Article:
May 23, 2013 in Washington Voices

East Valley High swimmer trains hard, shows maturity

By The Spokesman-Review
 

East Valley High School senior and competitive swimmer Michelle Kazuba started swimming in seventh grade.
(Full-size photo)

It’s easy to overlook Michelle Kazuba in the halls at East Valley High School. Her small stature can make her seem swallowed up in the crowd. Yet counselor Heidi Youseph said Kazuba has “made a huge impact at our school.”

Kazuba has achondroplasia dwarfism, but she’s never let the condition get in her way. “I figure I can do most things by myself because that’s the way I’ve lived my life.”

Indeed, Kazuba is a competitive athlete. She swims with both Team St. Luke’s and Spokane Area Swimming. In 2010, she won all six of her events at the Washington State Swimming Championships in the disability division. The following year she placed first in the 200 breaststroke at the Can-Am Disability National Championships.

Despite her accomplishments she hasn’t been immune from unkind comments about her size. “There’s always going to be the ignorant kinds of kids,” she said. “This is my life, so I just kind of ignore it.”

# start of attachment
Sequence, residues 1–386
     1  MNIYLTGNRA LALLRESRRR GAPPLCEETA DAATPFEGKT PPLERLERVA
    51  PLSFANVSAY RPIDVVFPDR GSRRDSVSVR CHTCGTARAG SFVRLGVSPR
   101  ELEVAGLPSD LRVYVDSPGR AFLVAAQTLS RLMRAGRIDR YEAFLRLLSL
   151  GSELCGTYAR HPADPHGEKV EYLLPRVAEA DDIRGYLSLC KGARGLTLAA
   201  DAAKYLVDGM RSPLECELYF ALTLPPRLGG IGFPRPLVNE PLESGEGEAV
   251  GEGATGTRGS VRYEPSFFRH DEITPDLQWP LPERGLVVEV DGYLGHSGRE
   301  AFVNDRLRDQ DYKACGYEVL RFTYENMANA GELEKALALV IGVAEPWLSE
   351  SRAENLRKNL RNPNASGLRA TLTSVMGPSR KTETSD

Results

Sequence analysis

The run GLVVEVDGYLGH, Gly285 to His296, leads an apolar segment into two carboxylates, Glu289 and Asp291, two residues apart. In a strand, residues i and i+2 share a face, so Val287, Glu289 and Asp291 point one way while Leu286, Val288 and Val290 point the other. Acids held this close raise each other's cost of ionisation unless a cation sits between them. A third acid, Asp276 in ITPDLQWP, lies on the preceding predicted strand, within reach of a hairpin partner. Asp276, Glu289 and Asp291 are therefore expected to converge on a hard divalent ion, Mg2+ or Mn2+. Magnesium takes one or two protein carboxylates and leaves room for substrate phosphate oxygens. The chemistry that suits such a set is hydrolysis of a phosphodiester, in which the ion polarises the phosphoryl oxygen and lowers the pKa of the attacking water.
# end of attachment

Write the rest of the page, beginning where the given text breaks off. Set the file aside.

Truthfully, she hasn’t had much time to worry about it. She’s developed close friendships at school and elsewhere and Youseph said, “By the time we’ve all gotten here and had our coffee, she’s already put in two hours in the pool!”

She trains with Spokane Area Swimming six or seven sessions a week, and once a week with Team St. Luke’s.

Kazuba came to swimming later than many of her competitors. At her mother’s urging, she starting swimming in seventh grade. “I didn’t really like it at first,” she said. “But then I started to train more and get used to the water. I went to a couple meets and really liked the team support.”

What she loves most about the sport is, “With swimming you can see your improvement easily from meet to meet.”

Even with her rigorous training schedule Kazuba has maintained her academic studies and is looking forward to attending Washington State University this fall.

“I want to be a nutritionist or a dietitian,” she said. “I changed my diet and dropped 20 seconds from my time in certain events. I thought, ‘Wow! Just changing my diet can do this! What else can I change to get my body in absolute perfect condition to swim?’ ”

Youseph said Kazuba is responsible, mature and college-ready. “I don’t think she realizes what an impact she’s made on the school. Michelle has a very can-do attitude. She’s demonstrated to other students that nothing is impossible.”

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